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The future of data storage in the AI era
Tue, 9th Jan 2024

2024 promises to be a year of profound transformation in the technology and data landscape. As generative AI becomes more accessible, data storage solutions will take centre stage, driving the success of AI applications and revolutionising data centre infrastructures. With advancements in hard drive technology, businesses will not only benefit from increased capacity but also make significant strides in sustainability, ensuring a greener future for our digital world.

According to Gartner’s predictions, by 2026, over 80% of enterprises will have harnessed generative AI, a remarkable rise from less than 5% in early 2023. With 55% of organisations piloting or production mode with gen AI, we can expect generative AI to account for 10% of all data produced over the next two years, up from less than 1% today.

This increase in data will compel data centres and enterprises toward high-density hard drive storage to futureproof their data value, allowing them to save raw data sets as well as insights produced by AI and LLM (large language models) processing.

The future of businesses will also require the accumulation of operational data to educate AI, machine learning, and deep learning models. Expect a growing number of companies to focus on training models using both internal and external data sources, harnessing their proprietary information for competitive advantage.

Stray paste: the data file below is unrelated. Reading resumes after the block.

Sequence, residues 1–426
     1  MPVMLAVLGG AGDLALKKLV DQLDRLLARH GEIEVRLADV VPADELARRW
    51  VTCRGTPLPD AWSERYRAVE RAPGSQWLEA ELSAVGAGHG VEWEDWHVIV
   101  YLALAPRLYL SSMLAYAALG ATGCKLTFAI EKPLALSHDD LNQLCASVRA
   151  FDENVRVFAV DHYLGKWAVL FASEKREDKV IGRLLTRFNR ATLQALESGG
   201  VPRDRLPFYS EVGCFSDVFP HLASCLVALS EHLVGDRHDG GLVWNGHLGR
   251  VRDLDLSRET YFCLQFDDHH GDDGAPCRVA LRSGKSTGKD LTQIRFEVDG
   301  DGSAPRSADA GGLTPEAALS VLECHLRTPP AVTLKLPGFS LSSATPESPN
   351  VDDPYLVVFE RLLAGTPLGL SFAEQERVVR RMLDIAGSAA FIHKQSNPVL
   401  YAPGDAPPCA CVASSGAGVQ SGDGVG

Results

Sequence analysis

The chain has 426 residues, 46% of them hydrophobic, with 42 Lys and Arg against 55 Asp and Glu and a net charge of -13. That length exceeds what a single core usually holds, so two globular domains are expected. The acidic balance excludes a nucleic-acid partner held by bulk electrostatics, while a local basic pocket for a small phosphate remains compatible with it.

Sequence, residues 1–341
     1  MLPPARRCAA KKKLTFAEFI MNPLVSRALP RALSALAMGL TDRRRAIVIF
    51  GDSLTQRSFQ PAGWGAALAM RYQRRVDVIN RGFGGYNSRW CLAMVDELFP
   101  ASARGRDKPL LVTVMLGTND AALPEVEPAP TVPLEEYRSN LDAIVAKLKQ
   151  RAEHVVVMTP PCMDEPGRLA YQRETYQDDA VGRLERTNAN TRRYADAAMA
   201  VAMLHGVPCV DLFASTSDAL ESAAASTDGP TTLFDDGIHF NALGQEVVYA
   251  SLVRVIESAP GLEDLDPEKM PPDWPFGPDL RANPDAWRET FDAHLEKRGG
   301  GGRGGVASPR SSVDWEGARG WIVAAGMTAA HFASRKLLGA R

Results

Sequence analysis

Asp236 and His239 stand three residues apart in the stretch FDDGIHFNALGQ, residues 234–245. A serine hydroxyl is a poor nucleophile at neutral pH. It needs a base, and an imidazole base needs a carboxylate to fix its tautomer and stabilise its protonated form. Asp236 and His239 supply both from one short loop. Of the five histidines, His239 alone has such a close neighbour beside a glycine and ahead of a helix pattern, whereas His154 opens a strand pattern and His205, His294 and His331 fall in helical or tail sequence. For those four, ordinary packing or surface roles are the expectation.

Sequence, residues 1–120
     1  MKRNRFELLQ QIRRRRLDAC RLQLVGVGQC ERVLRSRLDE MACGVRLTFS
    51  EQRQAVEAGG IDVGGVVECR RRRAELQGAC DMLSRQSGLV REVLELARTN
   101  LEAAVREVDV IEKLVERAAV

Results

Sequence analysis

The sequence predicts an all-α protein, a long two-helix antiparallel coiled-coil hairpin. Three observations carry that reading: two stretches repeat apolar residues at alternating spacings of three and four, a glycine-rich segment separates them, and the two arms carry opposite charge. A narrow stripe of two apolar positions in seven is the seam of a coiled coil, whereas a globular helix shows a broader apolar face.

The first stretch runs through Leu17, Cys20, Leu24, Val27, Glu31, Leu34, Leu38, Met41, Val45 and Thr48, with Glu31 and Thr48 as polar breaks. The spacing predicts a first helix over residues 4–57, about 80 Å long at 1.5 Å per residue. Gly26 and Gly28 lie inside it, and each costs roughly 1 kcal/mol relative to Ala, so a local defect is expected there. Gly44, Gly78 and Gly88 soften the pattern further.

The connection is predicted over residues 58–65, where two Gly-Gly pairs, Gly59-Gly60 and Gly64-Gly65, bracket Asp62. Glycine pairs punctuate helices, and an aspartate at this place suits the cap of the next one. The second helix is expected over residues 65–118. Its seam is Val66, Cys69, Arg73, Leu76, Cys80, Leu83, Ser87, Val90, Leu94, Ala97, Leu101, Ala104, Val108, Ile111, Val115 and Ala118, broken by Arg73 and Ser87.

AI-driven initiatives will also translate into increased IT spending, with hyperscale tech giants expected to accelerate investment into cloud capacity to support AI program maturation and heightened demand for data storage in the enterprise sector as businesses seek a competitive edge by enhancing productivity and efficiency through AI-driven improvements.

Meanwhile, in the data centre infrastructure sector, significant transformation in 2024 is likely, driven by remarkable advancements in hard drive areal density. Nearly 90% of data in cloud data centres resides on hard drives, so as data centre infrastructure approach their natural refresh cycles, expect to see older, lower-capacity hard drives being replaced with higher capacity drives.

The advent of HAMR technology is set to revolutionise data centre storage through 2024.  Today the average hard drive capacity is 16TB, based on conventional PMR technology. By contrast, HAMR technology will enable data centre managers to deploy 30TB high-density drives, delivering substantial power and space savings and unlocking massive Total Cost of Ownership (TCO) efficiencies, including reduced CPU, RAM usage and even floor space. HAMR technology will also help data centre operators to further reduce their carbon footprint with more durable and energy efficient storage.

Still, in the data centres, the exponential growth of data will drive demand in 2024 for mass-capacity hard drives, whose synergy with flash storage will continue to support modern workloads. With hard drive storage offering mass data storage at less than one-fifth the cost of comparable all-flash solutions on a per-bit basis, the value gap will mean that for the next decade, the two technologies will co-exist.